Join us for the opening reception of Birmingham, Alabama, 1963: Dawoud Bey/Black Star.
The exhibition Birmingham, Alabama, 1963: Dawoud Bey/Black Star responds to the September 15, 1963 bombing of the 16th Street Baptist Church in Birmingham, Alabama—an event that resulted in six deaths of black children by white supremacists. Organized by Dr. Gaëlle Morel, exhibitions curator at the Ryerson Image Centre in Toronto, the exhibition pairs Dawoud Bey’s (American, b. 1953) The Birmingham Project(2012) with a selection of prints from the Black Star archive of photojournalism, providing a historical context for the bombing, and revealing the political and social turmoil that placed the American Civil Rights Movement in the media spotlight during the months leading up to the explosion. Commissioned by the Birmingham Museum of Art, Bey’s The Birmingham Project was created in memory of the children who were killed in Birmingham that day, nearing the 50th anniversary of the tragedy. Each diptych features a portrait of a child at the exact age of one killed in 1963 paired with a portrait of an adult at the age the child would have been in the year 2013. Also on view will be Bey’s 9.15.63, a split screen video exploring the social spaces of the black community in Birmingham alongside a route to the 16th Street Baptist church from the vantage point of a child in the back seat of a car.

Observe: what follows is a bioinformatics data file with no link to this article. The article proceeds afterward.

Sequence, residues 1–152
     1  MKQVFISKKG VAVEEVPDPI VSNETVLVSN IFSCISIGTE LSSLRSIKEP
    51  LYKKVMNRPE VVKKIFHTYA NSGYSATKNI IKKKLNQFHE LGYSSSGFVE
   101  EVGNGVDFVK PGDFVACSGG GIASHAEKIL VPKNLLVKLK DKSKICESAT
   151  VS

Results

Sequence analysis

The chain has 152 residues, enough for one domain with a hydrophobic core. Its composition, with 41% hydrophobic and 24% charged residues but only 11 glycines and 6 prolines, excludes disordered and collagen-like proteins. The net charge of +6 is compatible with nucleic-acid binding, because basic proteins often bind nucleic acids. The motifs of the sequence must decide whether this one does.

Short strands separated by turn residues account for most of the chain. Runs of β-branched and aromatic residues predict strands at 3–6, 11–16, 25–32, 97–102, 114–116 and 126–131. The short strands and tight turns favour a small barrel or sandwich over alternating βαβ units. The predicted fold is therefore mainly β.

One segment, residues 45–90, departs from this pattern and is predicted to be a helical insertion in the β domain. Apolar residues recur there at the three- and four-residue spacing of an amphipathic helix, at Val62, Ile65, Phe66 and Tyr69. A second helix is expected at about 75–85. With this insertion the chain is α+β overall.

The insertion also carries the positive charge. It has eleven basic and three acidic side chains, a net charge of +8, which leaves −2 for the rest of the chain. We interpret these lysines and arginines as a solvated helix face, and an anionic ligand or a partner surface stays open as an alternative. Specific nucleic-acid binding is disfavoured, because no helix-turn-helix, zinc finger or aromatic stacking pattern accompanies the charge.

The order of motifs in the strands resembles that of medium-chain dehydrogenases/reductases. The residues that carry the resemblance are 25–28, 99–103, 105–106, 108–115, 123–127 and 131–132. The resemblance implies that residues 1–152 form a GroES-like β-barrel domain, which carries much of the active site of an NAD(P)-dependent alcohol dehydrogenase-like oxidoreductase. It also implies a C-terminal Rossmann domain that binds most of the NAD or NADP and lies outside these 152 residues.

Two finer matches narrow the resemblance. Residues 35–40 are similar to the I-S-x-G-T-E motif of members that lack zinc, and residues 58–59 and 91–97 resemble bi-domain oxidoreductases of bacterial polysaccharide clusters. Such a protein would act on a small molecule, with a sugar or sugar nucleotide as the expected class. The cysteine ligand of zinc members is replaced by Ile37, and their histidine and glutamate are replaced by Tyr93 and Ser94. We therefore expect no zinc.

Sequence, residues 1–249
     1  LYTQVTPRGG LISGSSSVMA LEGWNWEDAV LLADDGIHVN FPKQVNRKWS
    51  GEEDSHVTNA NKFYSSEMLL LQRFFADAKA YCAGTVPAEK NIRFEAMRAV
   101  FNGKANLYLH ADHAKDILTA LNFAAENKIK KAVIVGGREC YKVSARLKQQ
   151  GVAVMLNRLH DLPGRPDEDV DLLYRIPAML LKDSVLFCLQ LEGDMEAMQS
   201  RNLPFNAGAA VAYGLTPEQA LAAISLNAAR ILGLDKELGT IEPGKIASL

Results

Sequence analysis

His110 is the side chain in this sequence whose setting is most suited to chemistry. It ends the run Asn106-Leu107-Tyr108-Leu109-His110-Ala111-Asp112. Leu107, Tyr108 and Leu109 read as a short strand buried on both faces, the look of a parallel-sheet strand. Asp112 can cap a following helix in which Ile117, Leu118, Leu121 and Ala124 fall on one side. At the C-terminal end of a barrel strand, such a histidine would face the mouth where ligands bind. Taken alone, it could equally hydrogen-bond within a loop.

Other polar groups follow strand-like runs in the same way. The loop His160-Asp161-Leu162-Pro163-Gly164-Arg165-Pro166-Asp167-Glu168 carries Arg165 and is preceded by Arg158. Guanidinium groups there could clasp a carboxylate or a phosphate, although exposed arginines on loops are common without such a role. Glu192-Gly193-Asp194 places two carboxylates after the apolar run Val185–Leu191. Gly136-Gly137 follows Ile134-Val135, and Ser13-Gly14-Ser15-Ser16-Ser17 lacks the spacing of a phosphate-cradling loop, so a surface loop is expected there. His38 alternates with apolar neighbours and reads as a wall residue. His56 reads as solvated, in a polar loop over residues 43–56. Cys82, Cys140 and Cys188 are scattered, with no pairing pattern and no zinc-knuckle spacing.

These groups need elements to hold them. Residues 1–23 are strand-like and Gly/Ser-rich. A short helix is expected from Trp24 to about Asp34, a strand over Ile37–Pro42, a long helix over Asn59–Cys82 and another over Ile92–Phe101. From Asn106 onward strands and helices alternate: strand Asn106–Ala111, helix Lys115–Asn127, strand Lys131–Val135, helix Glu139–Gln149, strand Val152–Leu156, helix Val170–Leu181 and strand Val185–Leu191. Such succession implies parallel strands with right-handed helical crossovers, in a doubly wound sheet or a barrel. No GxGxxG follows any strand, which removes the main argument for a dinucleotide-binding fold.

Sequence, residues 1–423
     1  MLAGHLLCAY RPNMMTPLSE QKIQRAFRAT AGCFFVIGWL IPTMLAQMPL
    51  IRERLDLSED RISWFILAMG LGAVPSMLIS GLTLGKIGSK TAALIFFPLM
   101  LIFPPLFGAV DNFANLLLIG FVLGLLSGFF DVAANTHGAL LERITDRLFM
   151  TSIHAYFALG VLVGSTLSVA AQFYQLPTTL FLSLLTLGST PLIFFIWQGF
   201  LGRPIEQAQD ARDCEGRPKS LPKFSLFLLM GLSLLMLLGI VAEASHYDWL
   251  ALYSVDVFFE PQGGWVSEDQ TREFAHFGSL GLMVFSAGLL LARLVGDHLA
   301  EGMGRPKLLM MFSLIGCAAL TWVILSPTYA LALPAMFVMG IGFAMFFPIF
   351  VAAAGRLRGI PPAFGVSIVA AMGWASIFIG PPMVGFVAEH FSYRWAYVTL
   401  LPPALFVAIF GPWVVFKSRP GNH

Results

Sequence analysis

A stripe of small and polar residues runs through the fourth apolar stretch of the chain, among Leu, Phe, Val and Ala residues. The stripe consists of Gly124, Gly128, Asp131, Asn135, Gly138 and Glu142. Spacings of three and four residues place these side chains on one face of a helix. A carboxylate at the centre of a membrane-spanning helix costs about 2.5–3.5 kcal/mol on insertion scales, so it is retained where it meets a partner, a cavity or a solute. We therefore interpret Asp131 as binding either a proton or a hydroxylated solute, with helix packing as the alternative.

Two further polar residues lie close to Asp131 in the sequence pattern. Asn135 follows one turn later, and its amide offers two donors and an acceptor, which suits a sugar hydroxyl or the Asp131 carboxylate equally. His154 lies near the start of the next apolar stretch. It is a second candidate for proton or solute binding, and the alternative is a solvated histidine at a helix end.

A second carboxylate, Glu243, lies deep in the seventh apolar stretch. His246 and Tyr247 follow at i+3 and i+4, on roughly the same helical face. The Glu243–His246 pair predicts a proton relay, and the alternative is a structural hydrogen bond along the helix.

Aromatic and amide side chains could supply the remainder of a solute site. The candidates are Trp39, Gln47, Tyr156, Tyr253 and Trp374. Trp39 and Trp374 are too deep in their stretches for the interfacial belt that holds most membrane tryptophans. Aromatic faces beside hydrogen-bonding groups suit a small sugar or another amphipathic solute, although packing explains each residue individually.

The MoCP is supported by Columbia College Chicago, the MoCP Advisory Board, the Museum Council, individuals, and private and corporate foundations. The 2018-2019 exhibition season is generously sponsored by The Andy Warhol Foundation for the Visual Arts, the Illinois Arts Council Agency, the City of Chicago’s Department of Cultural Affairs and Special Events (DCASE), and the Efroymson Family Fund.
At 6 pm in Ferguson Hall, Dawoud Bey will engage in a conversation with Gaëlle Morel, Exhibitions Curator at the Ryerson Image Centre, about the links between his Birmingham projects and photojournalistic images documenting the civil rights movement of the 1960s. This conversation will be moderated by MoCP chief curator and deputy director Karen Irvine.